5. BitBlt


    I've been using a pair of Klipsch earbuds for a few years now that sound phenomenal. I think they were $70-80USD. I plug them into my laptop at coffee shops and such, so I can't vouch for them holding up to wearing during sports / exercise, though.
  6. BitBlt

    2D Collision Response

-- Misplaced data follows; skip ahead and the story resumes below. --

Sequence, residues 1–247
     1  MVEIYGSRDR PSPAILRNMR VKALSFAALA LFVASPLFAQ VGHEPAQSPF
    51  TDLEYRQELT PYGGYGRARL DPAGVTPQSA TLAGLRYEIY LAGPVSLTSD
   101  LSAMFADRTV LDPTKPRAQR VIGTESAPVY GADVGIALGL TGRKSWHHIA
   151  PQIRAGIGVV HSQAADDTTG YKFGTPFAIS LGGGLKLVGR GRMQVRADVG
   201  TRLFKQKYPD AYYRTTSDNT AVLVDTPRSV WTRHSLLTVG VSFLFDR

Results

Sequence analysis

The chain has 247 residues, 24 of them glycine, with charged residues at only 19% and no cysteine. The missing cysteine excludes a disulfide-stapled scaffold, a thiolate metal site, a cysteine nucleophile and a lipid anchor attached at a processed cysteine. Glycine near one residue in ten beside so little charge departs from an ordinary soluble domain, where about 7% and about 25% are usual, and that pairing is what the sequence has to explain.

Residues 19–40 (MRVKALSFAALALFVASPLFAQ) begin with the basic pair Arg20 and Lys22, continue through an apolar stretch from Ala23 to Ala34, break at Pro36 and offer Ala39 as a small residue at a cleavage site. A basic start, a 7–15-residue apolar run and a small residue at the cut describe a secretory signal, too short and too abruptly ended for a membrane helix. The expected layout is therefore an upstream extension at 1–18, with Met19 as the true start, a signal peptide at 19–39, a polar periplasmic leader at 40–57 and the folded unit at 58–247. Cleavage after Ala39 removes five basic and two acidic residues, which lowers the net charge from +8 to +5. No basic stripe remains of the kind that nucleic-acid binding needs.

Hi Mark, What you are doing is called "Jacobi-style" iterations, and it's the same idea as the one from linear algebra. Basically, you are using the same previous vector for ALL computations in this iteration, and you only update at the end. This means, in your case, that the 2nd collision response doesn't "see" the response applied from the first. The result: bouncing rather than sticking. One option is to switch to Gauss-Seidel iterations, where the current position/velocity is update after each collision response and used as input to the next. For your example: player is positioned at (0,0) and tries to move to (50,0). The "velocity" is then (50,0) (50 minus 0). You see a collision with one object, and the SAT detection returns (-1, 0) as the collision normal. The relative velocity in the normal direction is -50. I assume the player is receiving all the impulse so you compute v_new = v_old - n * J, where v_old = (50, 0), n is (-1, 0), and J = -50. This gives v_new = (0,0), which when added to your position gives an end position of (0,0). Now, instead of using v=(50,0) for the input to your second detected collision, use (0,0). Now, when you compute the relative velocity you will get 0. Put in a check so that you only apply response if the relative velocity in the normal direction is negative, in which case, you will do nothing and you are done. Yes, you will need to do another round of collision detection to be sure you didn't introduce new collisions. BTW, the equations used here are much more general than I presented (both sides can be modified, masses can be involved, elastic impulses can be applied, etc.). If you want to learn about that or need it, look up "collision impulses" or similar phrases, or just ask here.